As someone who loves to read and write, language arts are very important to me. I want my children to have an understanding and more importantly, an appreciation for these things. At the same time I know that there are some topics that no matter how much we love them, we just cannot teach them. This is how I feel about language arts and so I was quite pleased to have the opportunity to review the Hake/Saxon Grammar and Writing 3 set from Hake Publishing. We received a softcover physical copy of the Grammar and Writing 3 Textbook with Daily Review, a Writing Workbook, and a Teacher Guide with answer keys and tests.
This was designed with the same methods in place as Saxon Math. Now we had never used Saxon math ourselves; after hearing so many good things about their math program though, we were eager to explore their methods for writing and grammar (that’s what we really need right now too!) If you want to see in more detail what is covered you can see the Scope and Sequence for Grade 3 here.
I was so pleased to see, when these books arrived, that everything is laid out. exactly how it is meant to be. There is a wonderful list of recommendations found on the first pages of the teacher’s guide. Everything you need to know, in order to be able to complete this successfully. Can I be honest though and say, my struggle with this came when I read “set a daily routine”. We have kind of been unschooling for awhile now and so while we do require some form of reading, writing and math each day – I wasn’t completely sure how to introduce this or if my kids would even really participate. Let’s be totally transparent here: how hard is it to teach and show a love of learning with stubborn and angry faces glaring at you from across the table? It does happen!
We have quite a bit going on this summer; some free programming and coding, photography and drumming….I admit it. I worry about having to fit one more thing into our days. but I also feel so strongly about language arts. These are things that are of such value to our children, especially as they get older. My oldest son has taken part in speech and debate groups with a local homeschool program; my younger son though loves to read and write but only sporadically. So there are just a lot of things that I can see him needing, that I was sure he could get out of this if we could just get him to give it a try. Thankfully this is something that clearly has a beginning and an end so he was open to doing one lesson with me each day.
What do I love most? There is a script for me to read as we work together on each lesson. It is all laid out so completely, there is no struggle in teaching any of the 100+ lessons within this book. My younger really liked learning bits and pieces of latin as we went along. In the first lesson there was information on the word “vocabulary.” The latin root, anim, meaning breath; animal = living thing that breathes. Animation = makes drawings look like they are alive, moving. Since this very first, simple little lesson, in the very beginning, he has been ever more curious about what this word means, why this word is assigned to that thing. What a fun learning experience we are both having with this!
I have to back up for a second here. So each lesson consists of: speaking & listening and vocabulary. Following these two pieces of the lesson, we take a moment to write some sentences of our own using the vocabulary words that we learned.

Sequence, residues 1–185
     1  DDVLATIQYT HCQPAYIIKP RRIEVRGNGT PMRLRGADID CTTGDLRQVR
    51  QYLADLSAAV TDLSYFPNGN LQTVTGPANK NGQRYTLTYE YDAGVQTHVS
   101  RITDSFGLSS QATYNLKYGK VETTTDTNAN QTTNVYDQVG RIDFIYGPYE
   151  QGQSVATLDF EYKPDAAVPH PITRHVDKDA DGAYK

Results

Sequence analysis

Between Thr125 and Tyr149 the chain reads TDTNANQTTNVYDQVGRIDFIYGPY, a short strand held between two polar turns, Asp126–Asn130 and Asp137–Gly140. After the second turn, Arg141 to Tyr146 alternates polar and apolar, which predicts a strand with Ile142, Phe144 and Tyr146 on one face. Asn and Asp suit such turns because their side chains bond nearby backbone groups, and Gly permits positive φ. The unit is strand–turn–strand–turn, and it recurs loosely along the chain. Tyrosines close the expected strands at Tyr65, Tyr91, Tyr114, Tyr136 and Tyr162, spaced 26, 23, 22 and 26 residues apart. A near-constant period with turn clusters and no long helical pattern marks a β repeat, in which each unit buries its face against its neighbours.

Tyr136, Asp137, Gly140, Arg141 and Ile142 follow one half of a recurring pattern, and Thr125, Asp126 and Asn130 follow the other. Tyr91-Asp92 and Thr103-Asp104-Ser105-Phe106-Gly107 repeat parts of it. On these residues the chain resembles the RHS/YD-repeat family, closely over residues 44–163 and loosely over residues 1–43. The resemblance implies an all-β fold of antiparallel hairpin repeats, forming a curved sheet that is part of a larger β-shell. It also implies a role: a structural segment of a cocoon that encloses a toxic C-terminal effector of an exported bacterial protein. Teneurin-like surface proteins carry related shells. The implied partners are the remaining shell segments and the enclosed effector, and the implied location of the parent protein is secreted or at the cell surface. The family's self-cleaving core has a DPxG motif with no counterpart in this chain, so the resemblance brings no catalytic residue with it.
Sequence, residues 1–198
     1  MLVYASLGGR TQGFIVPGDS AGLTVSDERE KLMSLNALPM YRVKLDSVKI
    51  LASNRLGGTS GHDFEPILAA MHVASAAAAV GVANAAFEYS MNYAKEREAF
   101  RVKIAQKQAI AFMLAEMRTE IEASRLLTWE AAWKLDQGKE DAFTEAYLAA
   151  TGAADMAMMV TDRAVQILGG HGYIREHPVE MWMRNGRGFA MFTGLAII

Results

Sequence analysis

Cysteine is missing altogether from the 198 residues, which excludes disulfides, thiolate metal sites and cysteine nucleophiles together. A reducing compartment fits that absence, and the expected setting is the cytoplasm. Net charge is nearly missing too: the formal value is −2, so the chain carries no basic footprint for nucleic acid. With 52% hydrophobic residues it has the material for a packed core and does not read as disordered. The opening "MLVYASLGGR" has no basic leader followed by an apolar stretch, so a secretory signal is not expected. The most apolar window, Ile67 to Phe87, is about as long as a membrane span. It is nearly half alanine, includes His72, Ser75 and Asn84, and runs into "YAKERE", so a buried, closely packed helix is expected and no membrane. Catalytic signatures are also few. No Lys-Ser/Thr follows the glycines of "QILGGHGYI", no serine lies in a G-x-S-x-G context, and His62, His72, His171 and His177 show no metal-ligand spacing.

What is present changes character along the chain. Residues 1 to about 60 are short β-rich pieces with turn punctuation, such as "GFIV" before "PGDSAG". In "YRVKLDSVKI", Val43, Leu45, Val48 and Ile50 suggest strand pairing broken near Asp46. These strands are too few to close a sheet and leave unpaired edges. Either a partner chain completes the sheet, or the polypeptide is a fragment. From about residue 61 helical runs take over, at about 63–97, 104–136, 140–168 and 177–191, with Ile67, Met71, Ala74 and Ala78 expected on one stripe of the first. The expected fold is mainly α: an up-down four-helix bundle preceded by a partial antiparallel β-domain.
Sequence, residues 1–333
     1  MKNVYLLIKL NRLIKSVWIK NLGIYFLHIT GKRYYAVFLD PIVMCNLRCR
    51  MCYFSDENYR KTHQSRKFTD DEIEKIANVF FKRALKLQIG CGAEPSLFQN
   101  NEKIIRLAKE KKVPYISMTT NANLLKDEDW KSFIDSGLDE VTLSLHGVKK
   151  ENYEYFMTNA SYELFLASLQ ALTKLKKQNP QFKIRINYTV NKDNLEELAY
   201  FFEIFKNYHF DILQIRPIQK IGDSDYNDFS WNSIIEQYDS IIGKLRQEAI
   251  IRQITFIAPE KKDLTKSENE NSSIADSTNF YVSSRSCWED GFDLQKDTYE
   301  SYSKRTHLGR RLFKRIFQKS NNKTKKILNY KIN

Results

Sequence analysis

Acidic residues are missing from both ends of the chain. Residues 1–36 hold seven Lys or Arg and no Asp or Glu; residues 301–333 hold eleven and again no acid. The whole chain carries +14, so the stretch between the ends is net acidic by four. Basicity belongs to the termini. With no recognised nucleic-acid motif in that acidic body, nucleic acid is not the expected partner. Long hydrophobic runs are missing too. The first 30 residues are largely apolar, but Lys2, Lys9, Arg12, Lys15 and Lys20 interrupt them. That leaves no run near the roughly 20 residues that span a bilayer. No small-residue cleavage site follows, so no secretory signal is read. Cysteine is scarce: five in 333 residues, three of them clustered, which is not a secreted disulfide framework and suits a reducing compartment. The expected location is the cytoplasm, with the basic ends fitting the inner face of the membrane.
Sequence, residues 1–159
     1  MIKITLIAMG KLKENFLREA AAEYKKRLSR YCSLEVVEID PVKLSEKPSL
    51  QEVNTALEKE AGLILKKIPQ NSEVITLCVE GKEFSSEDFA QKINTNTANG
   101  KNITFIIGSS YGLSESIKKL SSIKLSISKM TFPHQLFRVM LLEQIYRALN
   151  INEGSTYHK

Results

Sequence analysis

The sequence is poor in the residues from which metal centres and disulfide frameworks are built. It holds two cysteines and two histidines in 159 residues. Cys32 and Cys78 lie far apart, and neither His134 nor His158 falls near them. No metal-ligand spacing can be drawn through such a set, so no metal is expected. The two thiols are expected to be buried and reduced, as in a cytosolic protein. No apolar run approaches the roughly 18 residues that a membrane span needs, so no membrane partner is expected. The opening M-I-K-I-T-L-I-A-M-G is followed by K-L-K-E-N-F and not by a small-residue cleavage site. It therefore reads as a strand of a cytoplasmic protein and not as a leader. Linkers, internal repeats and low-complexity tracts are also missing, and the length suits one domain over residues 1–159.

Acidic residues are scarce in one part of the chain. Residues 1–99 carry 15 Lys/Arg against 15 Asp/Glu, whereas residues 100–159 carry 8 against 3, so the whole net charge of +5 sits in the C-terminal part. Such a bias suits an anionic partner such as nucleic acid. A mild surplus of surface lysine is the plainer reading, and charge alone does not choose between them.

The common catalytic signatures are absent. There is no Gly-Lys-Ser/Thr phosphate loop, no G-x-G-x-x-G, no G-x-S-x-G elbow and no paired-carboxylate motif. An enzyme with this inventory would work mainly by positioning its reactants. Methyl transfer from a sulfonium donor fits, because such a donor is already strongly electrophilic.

From there, we move on to a lesson in grammar completing some examples, some practice questions and then a review set. There is also an element of journalling to this program (I love it) to encourage our kiddos to do some writing about a specific topic after they complete the day’s lesson. One day it was writing about an animal with fur; another day it was about an instrument they play or would like to play.
The fact that the lessons were short, and simple,was definitely something that made my younger son willing to engage in something new, at the table, when we are in the midst of summertime. Even though he isn’t really a fan of workbooks and textbooks, he was quite a good sport when it came to doing daily lessons this way. He especially enjoyed the writing exercises. Having a chance to write freely (this really surprised me) about specific things; Both creating and identifying things within sentences he felt was a very fun way to learn how to identify the pieces that are needed to have a complete sentence. And while he really appreciated the fun ways that his work was laid out each day, I really appreciated the simplicity and ease of it all for mysself because if I am honest here, the more I have to do to prepare for a lesson each day, the less likely I really am to give myself to it completely. Not fair to my kids I know but with so many things going on; with a focus on doing and being, especially when we have great weather (here in Wisconsin that can be a real rarity) we want to enjoy our days as much as we can. Active and intentional. That is our goal this summer. A material like this makes that all the more possible. So I can still encourage and engage with my children in those things that are academically important without giving up too much of the free time we have right now. We are definitely going to continue using this; I may even need to get an additional workbook and use this with my older son to help fill in some of those gaps which I know he also has, in this area. One thing is certain though, since we have begun using this my younger son has begun to enjoy and desire to write much more than before. Anything which has that sort of effect on a child of mine is a winner in my book!